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Health Risks From Eating NJ Fish Suppressed

Unsafe at Any Feed

With the recent flurry of press releases coming out of DEP on fishing, e.g. the promotion of the start of the trout fishing season and launch of the free saltwater registry, we thought we’d look into the status of the DEP’s 2011 fish consumption advisories.

So we went over to the DEP’s press release webpage and found nothing – including nothing in the year 2010.

So, because we are experts on DEP, we knew where to look on the DEP website (the public would not be likely to find this material).

We navigated to the DEP’s Office of Science (formerly Division, but downsized) “Fish Smart, Eat Smart NJ” page.

We did not miss the highlighted “New” material, which was the 2010 advisories, adopted in May 2010.

But curiously – because the whole purpose of the advisories is to warn the public – DEP failed to issue any press release in 2010 when these advisories were adopted by DEP scientists.

Despite the start of the 2011 season, DEP has yet to update the 2010 advisories or issue a press release.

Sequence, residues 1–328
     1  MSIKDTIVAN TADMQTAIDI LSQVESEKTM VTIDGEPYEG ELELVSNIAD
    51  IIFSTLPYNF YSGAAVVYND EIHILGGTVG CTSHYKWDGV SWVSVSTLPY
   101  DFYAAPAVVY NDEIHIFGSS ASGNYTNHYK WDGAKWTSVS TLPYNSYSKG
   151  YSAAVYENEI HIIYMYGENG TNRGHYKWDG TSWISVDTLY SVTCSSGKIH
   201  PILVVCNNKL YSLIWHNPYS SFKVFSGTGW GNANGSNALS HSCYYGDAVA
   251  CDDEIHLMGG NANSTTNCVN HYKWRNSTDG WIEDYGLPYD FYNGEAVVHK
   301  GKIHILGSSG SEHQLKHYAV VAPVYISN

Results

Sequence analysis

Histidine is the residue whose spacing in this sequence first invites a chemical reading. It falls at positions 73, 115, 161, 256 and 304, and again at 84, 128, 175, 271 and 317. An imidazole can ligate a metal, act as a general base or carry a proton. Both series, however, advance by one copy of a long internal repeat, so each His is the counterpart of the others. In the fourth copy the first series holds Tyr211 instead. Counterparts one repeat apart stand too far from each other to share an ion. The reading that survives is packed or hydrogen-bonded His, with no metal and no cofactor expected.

Please read the 2010 advisories before you eat any fish caught in NJ waters – especially high risk individuals, which include infants, children, pregnant women, nursing mothers and women of childbearing age.

According to DEP:

This booklet summarizes the marine, estuarine and fresh water fish consumption advisories for New Jersey including new fish consumption advisories for the Atlantic Coastal Plain Region. It provides you with information on how to reduce your risk by avoiding or limiting consumption of certain fish. It also offers guidance in how to prepare the fish you eat from local waters in ways that reduce your exposure to PCBs, dioxins and mercury.

For high risk indivduals, there are statewide “Do Not Eat” advisories issued for striped bass, bluefish, American eel, and lobster.

Crabbing in Newark Bay Complex is banned. Here’s why:


The estimated lifetime excess [cancer] risk from consumption of crabs from the Newark Bay Complex ranges from a low of 5,000 per million to a high of more than 1.0 million per million (i.e. greater than a 100% risk). The values calculated here are extremely high, and they are consistently high based on data from 3 different studies, including those specific to the PRSA. (DEP risk assessment – @page 8

There are Statewide one meal per week or per month limits for trout (brown, brook, rainbow), largemouth bass, smallmouth basss, chain pickerel, yellow bullhead, and brown bullhead. 

There also are lists of waterbody specific advisories – including “Do Not Eat” – that should be consulted. 

For example, it would shock most people to know that the popular summer flounder should not be eaten more than once per week.

I would hope that NJ media would ask DEP why they have the time to issue “Free Saltwater Registry” press releases and other self promotional propaganda, but no time to warn the public about health risks from consuming contaminated fish.